© 2024 WLRN
Play Live Radio
Next Up:
0:00 0:00
Available On Air Stations

Planners Say Time Is Running Out To Prep South Florida's Aging Flood Control System For Sea Rise

Planners say the Army Corps needs re-evaluate the 70-year flood control network that drains South Florida to accommodate sea rise.
Jenny Staletovich
Planners say the U.S. Army Corps of Engineers needs re-evaluate the 70-year flood control network that drains South Florida to accommodate sea rise.

Local water managers and planners say the 70-year-old system needs to undergo a $6 million study to look at fixes to address sea rise.

Planners and water managers took their fight to regional planners Friday as they struggle to update the 70-year-old sprawling flood control system, that stretches from Central to South Florida, to accommodate heavier rainfall and rising seas fueled by climate change.

The miles of canals and levees originally designed to accommodate 2 million people never contemplated sea rise. The region now has 11 million people, with seas rising twice as fast as just 20 years ago.

“Some of that rise may not be permanent, but the trend is what the trend is,” Broward County Resilience Chief Jennifer Jurado said during a workshop of the South Florida and Treasure Coast regional planning councils. “That's what we need to be anticipating and recognize that time is not our friend.”

A study to determine what needs to be fixed is expected to cost $6 million and take four years.

WLRN is here for you, even when life is unpredictable. Local journalists are working hard to keep you informed on the latest developments across South Florida. Please support this vital work. Become a WLRN member today. Thank you.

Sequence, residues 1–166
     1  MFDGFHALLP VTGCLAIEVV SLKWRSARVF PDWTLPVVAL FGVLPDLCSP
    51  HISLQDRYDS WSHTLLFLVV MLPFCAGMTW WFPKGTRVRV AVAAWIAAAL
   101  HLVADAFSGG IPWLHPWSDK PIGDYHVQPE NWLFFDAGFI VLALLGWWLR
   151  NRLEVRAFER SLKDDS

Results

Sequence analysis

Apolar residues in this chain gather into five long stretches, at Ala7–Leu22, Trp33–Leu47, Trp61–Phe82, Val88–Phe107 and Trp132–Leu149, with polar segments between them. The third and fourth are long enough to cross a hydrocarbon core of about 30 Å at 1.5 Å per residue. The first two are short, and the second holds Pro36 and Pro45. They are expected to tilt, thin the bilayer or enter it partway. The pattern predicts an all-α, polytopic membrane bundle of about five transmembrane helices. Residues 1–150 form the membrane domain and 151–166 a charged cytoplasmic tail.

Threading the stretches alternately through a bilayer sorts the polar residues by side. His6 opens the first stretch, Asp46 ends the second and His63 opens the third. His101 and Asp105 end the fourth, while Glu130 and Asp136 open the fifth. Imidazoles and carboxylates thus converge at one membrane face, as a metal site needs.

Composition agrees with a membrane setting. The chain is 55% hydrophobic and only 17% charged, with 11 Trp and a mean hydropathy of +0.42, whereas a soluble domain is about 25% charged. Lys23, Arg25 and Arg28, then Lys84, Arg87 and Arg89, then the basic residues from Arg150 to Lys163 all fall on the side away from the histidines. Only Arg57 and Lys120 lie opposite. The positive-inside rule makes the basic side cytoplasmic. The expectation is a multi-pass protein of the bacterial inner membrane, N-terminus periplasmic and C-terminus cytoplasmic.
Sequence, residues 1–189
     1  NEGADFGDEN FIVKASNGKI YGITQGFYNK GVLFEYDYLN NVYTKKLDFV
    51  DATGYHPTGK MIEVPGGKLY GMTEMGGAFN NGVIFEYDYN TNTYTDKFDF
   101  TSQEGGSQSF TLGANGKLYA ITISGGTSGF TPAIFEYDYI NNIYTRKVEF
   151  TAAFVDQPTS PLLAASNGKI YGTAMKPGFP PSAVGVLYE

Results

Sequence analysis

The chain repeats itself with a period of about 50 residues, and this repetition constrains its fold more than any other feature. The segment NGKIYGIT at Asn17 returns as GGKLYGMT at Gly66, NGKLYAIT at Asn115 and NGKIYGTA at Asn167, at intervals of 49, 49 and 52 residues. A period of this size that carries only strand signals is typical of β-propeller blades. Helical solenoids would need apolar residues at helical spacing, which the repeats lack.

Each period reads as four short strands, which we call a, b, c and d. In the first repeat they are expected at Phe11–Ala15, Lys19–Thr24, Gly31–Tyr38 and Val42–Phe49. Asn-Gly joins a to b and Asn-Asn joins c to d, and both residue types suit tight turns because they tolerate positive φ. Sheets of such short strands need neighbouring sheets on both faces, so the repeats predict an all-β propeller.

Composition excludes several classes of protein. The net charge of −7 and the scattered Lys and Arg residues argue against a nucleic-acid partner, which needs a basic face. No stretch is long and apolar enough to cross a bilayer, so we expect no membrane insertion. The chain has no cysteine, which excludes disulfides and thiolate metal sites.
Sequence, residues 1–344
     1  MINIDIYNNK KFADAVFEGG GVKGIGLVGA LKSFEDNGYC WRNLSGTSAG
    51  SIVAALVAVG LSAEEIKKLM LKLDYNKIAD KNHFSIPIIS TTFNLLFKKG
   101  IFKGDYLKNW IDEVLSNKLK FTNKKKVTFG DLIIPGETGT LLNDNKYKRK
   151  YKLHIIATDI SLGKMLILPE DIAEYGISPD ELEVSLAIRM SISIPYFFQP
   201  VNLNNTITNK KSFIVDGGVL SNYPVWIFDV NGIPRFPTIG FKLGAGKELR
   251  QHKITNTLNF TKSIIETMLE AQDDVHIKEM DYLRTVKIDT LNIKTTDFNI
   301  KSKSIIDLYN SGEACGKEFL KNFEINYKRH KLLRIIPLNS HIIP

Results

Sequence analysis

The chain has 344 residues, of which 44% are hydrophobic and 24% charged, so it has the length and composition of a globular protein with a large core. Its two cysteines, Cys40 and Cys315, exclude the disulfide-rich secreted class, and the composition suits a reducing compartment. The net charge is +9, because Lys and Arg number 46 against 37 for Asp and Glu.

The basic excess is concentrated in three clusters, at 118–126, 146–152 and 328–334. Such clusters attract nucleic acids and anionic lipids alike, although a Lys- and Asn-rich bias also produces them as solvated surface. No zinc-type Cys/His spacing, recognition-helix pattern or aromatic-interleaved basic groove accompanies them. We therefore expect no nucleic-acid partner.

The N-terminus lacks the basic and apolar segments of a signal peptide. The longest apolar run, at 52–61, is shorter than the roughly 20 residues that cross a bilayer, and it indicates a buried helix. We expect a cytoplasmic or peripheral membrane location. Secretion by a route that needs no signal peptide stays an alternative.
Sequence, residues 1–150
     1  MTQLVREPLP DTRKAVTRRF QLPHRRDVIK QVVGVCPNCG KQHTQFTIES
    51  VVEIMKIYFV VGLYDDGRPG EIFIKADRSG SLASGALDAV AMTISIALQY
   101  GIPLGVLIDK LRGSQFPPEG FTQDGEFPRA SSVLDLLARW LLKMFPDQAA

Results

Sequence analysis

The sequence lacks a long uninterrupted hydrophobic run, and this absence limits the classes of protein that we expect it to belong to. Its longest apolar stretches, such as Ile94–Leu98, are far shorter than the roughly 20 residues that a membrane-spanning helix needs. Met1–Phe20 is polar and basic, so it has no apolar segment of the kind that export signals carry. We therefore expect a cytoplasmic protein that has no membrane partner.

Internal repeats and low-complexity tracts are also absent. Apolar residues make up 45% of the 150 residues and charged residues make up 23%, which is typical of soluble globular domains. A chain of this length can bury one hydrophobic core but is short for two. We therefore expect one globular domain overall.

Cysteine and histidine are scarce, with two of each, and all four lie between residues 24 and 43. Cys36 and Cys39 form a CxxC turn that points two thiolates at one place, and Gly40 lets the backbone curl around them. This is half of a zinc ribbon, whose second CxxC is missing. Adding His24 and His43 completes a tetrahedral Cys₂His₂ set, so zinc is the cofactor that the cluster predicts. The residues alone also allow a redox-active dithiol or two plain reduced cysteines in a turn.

While improvements — including massive new pumps or other drainage features — could be costly, revamping the system is not unprecedented. A restudy done in the 1990s to deal with polluted water draining from farm fields into the Everglades, and damaging marshes and Florida Bay, led to the massive Everglades restoration plan Congress approved in 2000.

South Florida water managers used temporary pumps in 2017 when waters flooded a water conservation area.
South Florida Water Management District
South Florida water managers used temporary pumps in 2017 when waters flooded a water conservation area.

Local planners have been calling for a look at the system for the last five years as flooding issues grew worse, Jurado said.

But not everyone agreed, with politics often defining who backed the need to address sea rise.

In 2017, local water managers lashed out at the National Academies of Science when scientists first called for Everglades restoration — which aims to fix ecological damage caused by the flood system — to reboot and factor in sea rise. The South Florida Water Management District said the recommendation was “saturated in self interest” by scientists hoping for more studies. Even local Everglades scientists worried that pushing too hard on sea rise might cause more political division and slow work.

District leadership, which changed under Gov. Ron DeSantis, is now backing the effort to study fixes and has agreed to split the cost with the U.S. Army Corps of Engineers.

Until recently, Jurado said Friday, local planners thought they’d succeeded at getting support and including the study in this year’s Corps work plan. In addition to the district, county commissions in Miami-Dade, Broward and Palm Beach have also endorsed the plan.

“We've had endless visits with congressional members, joint advocacy with Army Corps headquarters, the Office of Management and Budget. We've been in the office, I think, of every legislator,” she said.

Then last month, they learned the study had been nixed.

“Everything was in place. And then three weeks ago, we see the work plan. And once again, the project was not included,” she said. “It is year after year of annual disappointments and thinking what are we not doing right in the strategy?”

The planning council has drafted a resolution calling for the new study but their attorney, Keith Davis, advised members not to vote Friday because the meeting was advertised as a workshop. He suggested they hold a special meeting or vote at their next meeting.

Jenny Staletovich is WLRN's Environment Editor. She has been a journalist working in Florida for nearly 20 years. Contact Jenny at jstaletovich@wlrnnews.org
More On This Topic